Friday, September 14, 2007

Consciousness Raising Exercise #32

If you have ever used an ATM machine to deposit a check or withdraw cash, you understand the basic rules on which a computer operates. Unless you key in certain data and commands in their proper sequence, you will not initiate the specific chain of events which is required to deliver money into your hands.
A computer is an extremely democratic device. Whether it runs an ATM machine or a digital dictation system, the computer does not care about how much money you make or what kind of car you drive.
Computers have absolutely no emotional attachment to the data they store and interpret. They do not care whether you are white, black, Asian, Hispanic, male, female or a one-eyed albino transsexual from Greenland. All that matters is whether you have an access code and can enter commands and data appropriately.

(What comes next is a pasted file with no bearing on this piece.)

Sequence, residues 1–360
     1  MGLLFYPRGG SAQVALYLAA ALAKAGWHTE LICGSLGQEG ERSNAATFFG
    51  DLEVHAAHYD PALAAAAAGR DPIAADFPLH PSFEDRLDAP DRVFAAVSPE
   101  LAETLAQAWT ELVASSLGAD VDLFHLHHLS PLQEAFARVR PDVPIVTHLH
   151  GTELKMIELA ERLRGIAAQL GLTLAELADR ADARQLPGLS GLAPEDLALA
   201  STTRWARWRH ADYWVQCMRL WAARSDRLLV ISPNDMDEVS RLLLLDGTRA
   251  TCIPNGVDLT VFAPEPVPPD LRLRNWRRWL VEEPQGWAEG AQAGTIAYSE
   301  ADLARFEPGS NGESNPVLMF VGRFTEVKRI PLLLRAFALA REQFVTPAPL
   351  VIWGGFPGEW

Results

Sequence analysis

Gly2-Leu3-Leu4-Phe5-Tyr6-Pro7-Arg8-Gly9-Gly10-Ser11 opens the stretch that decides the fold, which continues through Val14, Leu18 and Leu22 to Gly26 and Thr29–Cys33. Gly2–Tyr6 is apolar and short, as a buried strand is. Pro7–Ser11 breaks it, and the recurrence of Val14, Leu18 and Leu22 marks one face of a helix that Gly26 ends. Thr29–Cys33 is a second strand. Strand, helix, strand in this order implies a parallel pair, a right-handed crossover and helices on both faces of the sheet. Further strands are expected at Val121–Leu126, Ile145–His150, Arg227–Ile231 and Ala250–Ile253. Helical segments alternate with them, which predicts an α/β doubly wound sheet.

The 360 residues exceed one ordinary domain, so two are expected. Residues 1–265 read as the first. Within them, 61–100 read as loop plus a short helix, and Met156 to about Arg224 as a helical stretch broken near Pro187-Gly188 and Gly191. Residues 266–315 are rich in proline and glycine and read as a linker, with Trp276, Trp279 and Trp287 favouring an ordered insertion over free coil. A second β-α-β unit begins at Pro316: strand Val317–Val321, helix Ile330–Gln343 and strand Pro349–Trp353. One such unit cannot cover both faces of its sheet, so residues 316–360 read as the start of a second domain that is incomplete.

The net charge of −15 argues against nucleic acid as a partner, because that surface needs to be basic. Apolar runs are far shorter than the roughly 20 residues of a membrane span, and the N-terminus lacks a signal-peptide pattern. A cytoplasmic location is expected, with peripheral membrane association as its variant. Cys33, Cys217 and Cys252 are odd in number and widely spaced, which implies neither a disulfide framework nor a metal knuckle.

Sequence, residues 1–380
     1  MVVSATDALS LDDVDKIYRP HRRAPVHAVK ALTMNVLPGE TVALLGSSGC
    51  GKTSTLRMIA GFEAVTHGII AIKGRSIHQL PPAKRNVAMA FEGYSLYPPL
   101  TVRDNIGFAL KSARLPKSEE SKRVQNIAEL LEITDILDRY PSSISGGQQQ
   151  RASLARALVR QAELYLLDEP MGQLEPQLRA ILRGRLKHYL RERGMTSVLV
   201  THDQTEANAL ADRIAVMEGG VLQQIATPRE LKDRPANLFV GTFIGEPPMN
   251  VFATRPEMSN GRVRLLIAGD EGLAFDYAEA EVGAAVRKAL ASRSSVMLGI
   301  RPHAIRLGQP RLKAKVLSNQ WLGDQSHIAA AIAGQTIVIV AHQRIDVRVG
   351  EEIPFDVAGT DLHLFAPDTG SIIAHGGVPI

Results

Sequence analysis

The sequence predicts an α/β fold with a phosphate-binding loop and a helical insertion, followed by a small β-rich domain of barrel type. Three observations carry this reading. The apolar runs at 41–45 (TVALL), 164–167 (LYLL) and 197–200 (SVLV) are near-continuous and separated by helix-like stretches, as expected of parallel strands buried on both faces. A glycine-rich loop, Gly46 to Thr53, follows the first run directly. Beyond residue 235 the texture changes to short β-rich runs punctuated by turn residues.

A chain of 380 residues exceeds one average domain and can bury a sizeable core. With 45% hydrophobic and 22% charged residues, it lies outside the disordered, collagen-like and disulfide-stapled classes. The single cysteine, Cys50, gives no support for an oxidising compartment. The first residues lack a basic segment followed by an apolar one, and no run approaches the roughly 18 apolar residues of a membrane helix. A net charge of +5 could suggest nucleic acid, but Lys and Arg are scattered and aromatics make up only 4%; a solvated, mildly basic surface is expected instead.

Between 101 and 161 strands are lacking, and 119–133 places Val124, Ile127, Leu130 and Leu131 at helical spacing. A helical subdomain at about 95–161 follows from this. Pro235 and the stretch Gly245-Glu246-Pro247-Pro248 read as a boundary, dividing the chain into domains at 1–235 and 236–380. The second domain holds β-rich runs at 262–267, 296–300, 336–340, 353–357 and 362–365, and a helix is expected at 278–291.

A computer's cold and calculating objectivity can sometimes cause problems for a doctor's ego. How so?
  • A physician cannot bully a computer.

  • Nor can he try to impress or intimidate a computer with the fact that he is a doctor.
The next time you use an ATM machine, try to remember that if the person standing next to you has an access code, he has as much power to run the bank's computer as you do. An ATM machine doesn't care whether a customer is a falling-down drunk, a punked-out 16-year-old with a 9-gauge steel ring through his nose, or a physician.
That's a humbling thought. And one that doctors would be well advised to remember when they try telling medical support staff that "it is beneath a doctor's professional dignity to have to enter numbers into a telephone keypad."

Or that doctors should not be expected to enter the patient's medical record number while dictating because "that's a clerical function."

Bottom line? The computer doesn't give a rat's ass about the fact that you are a doctor.
Write a 150-word essay on how a doctor's authority is continually challenged by changes in today's technology.

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